Tourism Australia’s John O’Sullivan looks at how film, TV and Aussie stars such as Paul Hogan have helped put Australia on the map and keep it there. By Caris Bizzaca
Tourism Australia Managing Director John O’Sullivan says it’s hard to quantify just how big the impact of film and television has been on local tourism.
A report commissioned by Screen Australia estimated that thanks to Aussie screen content, approximately 230,000 international tourists visit Australia or extend their stay each year– and spend an estimated $725 million.
But O’Sullivan suspects the number could be even larger.
“It’s not surprising at all,” he says of the findings.
“The only thing is I suspect the number would probably be greater than (that). If you combined the direct and indirect spend and then the halo effect, I think you would probably find that figure is a bit understated.”
O’Sullivan says the significance of the screen industry on tourism works on a number of levels.
“(There’s) the pure economic benefit of having say the Matrix shot in Australia or George Lucas shooting some of the Star Wars films here,” he says.
“(Then) it’s also undoubtedly a tourism platform, whether it’s use of scenery, use of actors from Australia and so on.
“But then it gets into the whole sense of identity and brand building.”
Which is where people like Paul Hogan, Baz Luhrmann, and most recently, Chris Hemsworth, come in.
Then two years later along came Mick Dundee. Now 30 years later, and this week ‘Hoges’ has been awarded the AACTA Longford Lyell Award to honour his “outstanding contribution to the Australian screen industry”.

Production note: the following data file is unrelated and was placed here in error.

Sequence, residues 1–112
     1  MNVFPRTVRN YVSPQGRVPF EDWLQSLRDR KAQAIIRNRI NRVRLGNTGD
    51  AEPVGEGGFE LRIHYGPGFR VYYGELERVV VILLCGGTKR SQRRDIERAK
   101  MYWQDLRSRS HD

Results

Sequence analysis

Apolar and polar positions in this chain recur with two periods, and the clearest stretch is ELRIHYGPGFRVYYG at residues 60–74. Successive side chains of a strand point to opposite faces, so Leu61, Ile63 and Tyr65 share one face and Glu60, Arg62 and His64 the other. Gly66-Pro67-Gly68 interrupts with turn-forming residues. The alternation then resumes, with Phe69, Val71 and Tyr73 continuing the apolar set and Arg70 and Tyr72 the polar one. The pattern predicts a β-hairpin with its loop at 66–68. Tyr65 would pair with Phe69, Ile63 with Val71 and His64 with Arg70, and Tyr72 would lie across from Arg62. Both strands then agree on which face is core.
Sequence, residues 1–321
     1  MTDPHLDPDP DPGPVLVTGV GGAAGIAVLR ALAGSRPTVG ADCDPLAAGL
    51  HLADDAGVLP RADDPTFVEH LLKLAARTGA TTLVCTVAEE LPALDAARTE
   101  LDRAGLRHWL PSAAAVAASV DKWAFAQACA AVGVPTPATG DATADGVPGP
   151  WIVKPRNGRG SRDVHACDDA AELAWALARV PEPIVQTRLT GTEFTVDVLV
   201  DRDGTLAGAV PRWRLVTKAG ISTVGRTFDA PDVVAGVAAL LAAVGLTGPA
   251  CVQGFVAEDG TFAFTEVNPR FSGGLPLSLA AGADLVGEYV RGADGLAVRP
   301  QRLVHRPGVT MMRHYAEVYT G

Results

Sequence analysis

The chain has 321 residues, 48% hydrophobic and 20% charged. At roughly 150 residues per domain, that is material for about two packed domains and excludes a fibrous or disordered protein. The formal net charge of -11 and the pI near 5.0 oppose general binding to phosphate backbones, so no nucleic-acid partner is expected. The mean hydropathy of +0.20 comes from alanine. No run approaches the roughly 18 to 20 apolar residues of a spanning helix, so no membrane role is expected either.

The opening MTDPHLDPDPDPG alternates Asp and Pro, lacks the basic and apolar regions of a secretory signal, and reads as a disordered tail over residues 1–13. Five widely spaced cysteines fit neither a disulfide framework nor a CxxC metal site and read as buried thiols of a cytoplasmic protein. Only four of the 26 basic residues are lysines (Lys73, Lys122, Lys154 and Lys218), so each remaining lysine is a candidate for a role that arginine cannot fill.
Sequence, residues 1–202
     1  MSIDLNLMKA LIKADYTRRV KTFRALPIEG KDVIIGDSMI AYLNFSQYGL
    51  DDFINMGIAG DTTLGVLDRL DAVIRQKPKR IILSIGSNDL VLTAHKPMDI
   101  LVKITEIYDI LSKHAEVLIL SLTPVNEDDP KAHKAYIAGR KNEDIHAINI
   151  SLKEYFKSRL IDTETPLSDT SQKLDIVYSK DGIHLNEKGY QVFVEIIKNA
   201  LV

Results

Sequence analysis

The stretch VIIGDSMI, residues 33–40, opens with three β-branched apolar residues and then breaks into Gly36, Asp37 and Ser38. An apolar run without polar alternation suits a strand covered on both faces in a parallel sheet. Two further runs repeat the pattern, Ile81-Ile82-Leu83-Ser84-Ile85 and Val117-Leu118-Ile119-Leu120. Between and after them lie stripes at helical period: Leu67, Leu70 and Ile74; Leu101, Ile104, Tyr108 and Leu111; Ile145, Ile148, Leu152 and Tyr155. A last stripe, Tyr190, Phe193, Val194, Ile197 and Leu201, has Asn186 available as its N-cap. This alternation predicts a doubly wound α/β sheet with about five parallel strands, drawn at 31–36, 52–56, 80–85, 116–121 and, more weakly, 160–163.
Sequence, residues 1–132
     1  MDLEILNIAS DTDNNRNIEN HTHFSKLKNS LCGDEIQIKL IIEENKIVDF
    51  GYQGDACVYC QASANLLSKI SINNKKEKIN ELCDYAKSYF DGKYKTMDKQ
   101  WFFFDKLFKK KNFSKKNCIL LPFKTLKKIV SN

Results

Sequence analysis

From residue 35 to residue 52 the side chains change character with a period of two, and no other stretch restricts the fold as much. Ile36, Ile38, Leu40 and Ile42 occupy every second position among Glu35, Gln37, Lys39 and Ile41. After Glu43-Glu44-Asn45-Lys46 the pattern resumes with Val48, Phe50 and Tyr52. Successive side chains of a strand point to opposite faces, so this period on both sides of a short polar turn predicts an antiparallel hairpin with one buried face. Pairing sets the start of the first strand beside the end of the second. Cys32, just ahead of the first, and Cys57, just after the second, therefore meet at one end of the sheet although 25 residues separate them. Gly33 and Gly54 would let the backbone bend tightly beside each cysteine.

Hogan remembers helping take Australia to the US.
“No one knew about us. Australia? It’s green on the map, it’s got kangaroos and that was sort of it,” he says.
“And we took it… up to number 1 and the movie (Crocodile Dundee) helped that too…
“Anything we do that makes Australia attractive… I think it’s a positive.”
O’Sullivan says Hogan undoubtedly played a huge part in putting Australia on the map – particularly in the US.
“What he did was he introduced the whole notion of Australia being a welcoming, friendly destination and obviously an amazing destination in terms of natural scenery,” he says.
“Then through Crocodile Dundee he really opened up the whole area of Indigenous culture and took the concept of the Outback into the mainstream.”
O’Sullivan says when the Tourism Australia works with people like Hogan, like Baz Luhrmann and Chris Hemsworth they are really appealing to the sense of patriotism that those figures have in themselves.
“It’s probably been a combination. It’s opened the eyes of people like Baz and Chris and others that these can be complementary to their own career, but it’s also about the fundamental fact that they’re Australian and they’re proud to be Australian and they want to tell the rest of the world.”